Bram Stoker’s Dracula: Capitalist Exploiter

Dracula, the world’s favorite dark-haired vampire (Spike, from Buffy, is probably our favorite blonde vampire), is a king, a leader, even a CEO. His minions work for him and it is Dracula who decides when and whom they will feast upon. The currency in which this particular CEO trades is not oil or gold or dollar bills, but blood. Sweet, coppery blood. In Bram Stoker’s novel Dracula blood works best not as a symbol of food, but as a symbol of money and riches. Dracula is a capitalist first and foremost. That Dracula is the epitome of the phrase capitalist pig and that blood is a commodity to be dangled in front of people as a carrot to entice them to do one’s bidding is first made explicit in a scene early in the novel when Jonathan Harker first encounters the three female vampires in Dracula’s castle. They are, to put it bluntly, beautiful whores. That is to say, as a prostitute will have sex with anyone in exchange for money, these women will offer themselves to anyone in exchange for blood. Further cementing their role as women of easy virtute, Harker writes that “the girl went on her knees, and bent over me.”

If written today, we would immediately know what a girl going on her knees implies and it would hardly raise an eyebrow, but in Victorian England it would have been incredibly shocking. The sexually explicit description that follows these words clearly indicate an erotic encounter as much as an horrific encounter. This woman and the others are obviously prostituting their charms in the hope of an exchange for blood. And for the vampire, blood means life. Just as money means life for a streetwalker today. Just as money means life for anyone working today. Dracula enters and puts an end to the encounter. As a capitalist, Dracula is not in the business of sharing the wealth except when it suits him to do so. At this stage, allowing his underlings to have access to Harker is unacceptable. Dracula proves himself the very epitome of a CEO when he claims ownership to something he cannot own: “This man belongs to me!” He then promises the girls that they can have Harker’s blood after he himself is done with it. In other words, after Dracula skims all the profit he can and gets all the value from the commodity that is Harker’s blood, only then he will deign to share in the wealth. Dracula is a model capitalist, demanding and getting respect for nothing more than the promise of blood.

Big business uses the accumulation of currency to inspire servile respect among the laborers, and in this respect (and hey, who knows, maybe in many other respects we probably shouldn’t contemplated) Dracula is no different from Bill Gates. The fact that Bill Gates has never actually invented anything in his life, and the fact that nearly all his products are inferior in comparision to similar products made by his competitors has not kept him from consistently ranking high in polls of the most admired man in the world. Those who would agree with this assessment are not much different from Renfield, Dracula’s most disgusting underling. Dr. Seward describes Renfield’s behavior as generally being respectful in the asylum; that is, until Renfield comes under the spell of Dracula. With the promise of blood held before him, Renfield drops all pretense of respect to any but his master. As he says, no one else counts now. “The master is at hand.” But what exactly is it that the master, Dracula, offers Renfield? Renfield eats flies, spiders, birds. He is less than a man; he is almost half animal. Renfield is but another laborer in the vast corporation that exists to supply Dracula with an afterlife of splendor. While Dracula lives in a castle, Renfield lives in an asylum. Blood may be blood, but then again a 60 inch plasma TV and a 15 inch TV both project the same images. Is it better to feast upon human blood like Dracula does than insect blood like Renfield? Might as well inquire whether it’s preferable to eat dinner at Bill Gates’ mansion than to eat at McDonald’s. Not only is blood to be seen as currency, it’s to be seen as life-giving currency.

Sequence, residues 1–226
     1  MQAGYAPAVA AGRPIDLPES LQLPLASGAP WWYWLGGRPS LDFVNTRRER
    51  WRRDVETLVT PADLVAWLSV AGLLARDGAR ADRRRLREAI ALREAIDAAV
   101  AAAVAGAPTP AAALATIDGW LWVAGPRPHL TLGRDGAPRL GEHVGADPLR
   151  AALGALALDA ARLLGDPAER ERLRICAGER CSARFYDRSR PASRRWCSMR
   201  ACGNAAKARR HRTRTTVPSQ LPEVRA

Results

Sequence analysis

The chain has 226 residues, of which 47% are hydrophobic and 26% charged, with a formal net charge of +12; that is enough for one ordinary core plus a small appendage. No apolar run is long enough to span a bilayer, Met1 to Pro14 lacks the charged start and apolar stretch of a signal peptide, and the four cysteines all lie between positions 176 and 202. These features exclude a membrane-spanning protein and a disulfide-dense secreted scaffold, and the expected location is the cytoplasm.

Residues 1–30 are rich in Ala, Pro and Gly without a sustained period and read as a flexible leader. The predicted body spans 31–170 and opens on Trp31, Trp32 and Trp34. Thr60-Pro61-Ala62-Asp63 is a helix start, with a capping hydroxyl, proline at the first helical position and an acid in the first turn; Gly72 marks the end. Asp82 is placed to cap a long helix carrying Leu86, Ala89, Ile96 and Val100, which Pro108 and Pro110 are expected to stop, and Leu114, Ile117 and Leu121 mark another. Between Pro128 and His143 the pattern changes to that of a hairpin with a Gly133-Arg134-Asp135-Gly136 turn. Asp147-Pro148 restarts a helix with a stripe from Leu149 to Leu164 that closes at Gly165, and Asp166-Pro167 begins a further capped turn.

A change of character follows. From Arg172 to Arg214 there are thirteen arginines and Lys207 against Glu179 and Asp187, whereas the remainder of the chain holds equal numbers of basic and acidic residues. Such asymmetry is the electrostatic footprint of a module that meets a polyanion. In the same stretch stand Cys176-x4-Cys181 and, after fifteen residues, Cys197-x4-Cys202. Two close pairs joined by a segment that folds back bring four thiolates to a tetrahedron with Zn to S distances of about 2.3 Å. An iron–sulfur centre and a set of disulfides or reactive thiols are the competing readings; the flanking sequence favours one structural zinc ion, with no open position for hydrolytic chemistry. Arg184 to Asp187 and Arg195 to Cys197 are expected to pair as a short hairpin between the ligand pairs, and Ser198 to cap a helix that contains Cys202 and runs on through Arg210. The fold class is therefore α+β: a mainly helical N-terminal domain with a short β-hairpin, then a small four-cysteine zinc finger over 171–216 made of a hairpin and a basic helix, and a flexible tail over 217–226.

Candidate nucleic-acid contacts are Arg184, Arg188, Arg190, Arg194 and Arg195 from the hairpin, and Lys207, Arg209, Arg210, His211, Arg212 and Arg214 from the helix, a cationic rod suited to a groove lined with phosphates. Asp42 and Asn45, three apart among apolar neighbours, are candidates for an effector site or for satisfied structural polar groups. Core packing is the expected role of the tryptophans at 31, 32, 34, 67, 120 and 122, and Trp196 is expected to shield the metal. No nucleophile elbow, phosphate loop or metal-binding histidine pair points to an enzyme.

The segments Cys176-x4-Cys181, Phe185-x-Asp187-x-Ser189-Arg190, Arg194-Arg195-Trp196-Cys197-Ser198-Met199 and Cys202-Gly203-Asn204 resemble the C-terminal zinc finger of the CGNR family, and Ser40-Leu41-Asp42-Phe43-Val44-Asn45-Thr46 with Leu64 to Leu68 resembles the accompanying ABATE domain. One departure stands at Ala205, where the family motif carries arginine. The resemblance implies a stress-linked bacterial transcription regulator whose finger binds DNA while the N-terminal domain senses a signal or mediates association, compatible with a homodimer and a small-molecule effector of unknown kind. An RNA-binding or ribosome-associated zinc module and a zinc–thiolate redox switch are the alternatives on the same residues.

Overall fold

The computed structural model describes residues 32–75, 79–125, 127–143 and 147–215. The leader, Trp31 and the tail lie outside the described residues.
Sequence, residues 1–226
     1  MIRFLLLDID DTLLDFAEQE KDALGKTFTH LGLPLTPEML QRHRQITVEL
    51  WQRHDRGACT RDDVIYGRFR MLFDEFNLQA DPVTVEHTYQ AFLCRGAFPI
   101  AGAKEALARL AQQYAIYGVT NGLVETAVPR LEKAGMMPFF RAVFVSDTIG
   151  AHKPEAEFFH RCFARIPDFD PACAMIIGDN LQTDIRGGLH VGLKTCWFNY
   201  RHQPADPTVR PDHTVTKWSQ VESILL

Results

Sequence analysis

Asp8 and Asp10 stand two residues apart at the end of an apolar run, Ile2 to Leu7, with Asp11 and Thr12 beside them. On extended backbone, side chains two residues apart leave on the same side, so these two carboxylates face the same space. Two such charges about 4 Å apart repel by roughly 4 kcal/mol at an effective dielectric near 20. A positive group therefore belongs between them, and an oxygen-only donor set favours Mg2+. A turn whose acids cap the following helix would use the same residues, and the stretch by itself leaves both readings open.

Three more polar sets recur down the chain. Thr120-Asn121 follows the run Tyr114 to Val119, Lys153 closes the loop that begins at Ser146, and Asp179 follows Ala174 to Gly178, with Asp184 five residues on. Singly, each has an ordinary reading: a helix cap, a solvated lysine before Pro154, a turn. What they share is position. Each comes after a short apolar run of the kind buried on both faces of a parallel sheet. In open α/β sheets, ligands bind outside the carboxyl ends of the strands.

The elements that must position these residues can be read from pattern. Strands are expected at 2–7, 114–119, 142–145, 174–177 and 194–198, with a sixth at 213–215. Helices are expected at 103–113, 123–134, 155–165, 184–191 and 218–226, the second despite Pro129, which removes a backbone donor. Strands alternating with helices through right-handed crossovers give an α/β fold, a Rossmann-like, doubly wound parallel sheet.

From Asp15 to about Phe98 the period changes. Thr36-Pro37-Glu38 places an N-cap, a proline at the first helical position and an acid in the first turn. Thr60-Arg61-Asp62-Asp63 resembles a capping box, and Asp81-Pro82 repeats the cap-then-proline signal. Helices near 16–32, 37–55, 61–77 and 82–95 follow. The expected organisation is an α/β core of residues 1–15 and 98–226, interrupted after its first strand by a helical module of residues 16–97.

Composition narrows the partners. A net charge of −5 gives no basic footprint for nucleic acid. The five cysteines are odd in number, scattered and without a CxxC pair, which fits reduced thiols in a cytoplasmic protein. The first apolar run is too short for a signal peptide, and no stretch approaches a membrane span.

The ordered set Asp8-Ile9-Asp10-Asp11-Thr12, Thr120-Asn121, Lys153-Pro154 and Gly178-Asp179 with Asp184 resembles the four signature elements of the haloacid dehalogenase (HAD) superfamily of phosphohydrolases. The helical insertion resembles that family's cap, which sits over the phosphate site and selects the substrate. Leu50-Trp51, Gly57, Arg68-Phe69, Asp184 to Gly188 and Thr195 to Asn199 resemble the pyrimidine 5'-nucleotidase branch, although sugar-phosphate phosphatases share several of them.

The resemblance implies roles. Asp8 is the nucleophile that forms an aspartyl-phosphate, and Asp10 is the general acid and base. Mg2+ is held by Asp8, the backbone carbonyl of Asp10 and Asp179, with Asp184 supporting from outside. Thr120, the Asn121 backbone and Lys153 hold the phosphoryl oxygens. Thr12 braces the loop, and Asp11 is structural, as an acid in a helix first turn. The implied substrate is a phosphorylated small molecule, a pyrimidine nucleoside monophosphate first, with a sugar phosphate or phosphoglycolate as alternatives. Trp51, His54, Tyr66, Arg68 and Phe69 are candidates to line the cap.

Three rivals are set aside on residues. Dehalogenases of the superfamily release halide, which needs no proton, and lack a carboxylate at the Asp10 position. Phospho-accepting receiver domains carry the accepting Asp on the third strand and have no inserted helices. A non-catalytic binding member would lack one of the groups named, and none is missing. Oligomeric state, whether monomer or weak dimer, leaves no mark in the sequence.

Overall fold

When Renfield attacks Seward with the knife and licks up his blood, he leaves with the attendant saying, “The blood is the life.” Although it is true that without blood, one cannot live, the circumstances of this scene indicate that what Renfield means is more commodity-oriented. Renfield needed the blood and for a change he was actually able to get it from a human being. Perhaps this is a brief moment of class consciousness flashing in Renfield. Perhaps this is a moment of Renfield realizing that he doesn’t have to remain in the shackles of Dracula’s oppressive capitalistic ownership. Or perhaps not. When Renfield cries that blood is the life, he may as well as being crying that money is everything. And that message is broadcast every minute of every hour of every day. Renfield has bought into it; he has sacrificed interest in everything else for the promise of blood that his master has made to him. Millions sacrifice more for the promise of happiness that their masters have made to them if they’ll just work a little longer and a little harder. But how many people live lives like Renfield while their bosses live lives like Dracula?

Dracula cannot live without blood and people cannot live without money. But like so many capitalist captains of industry, Dracula mistakenly believes that he possesses the right to ownership of human beings. Throughout the novel, characters receive blood transfusions to keep them going when they appear to be ill or near death. Without that weekly paycheck deigned to us by our masters, we too would become ill and near death. Dracula really is not so very different from those running the world today.

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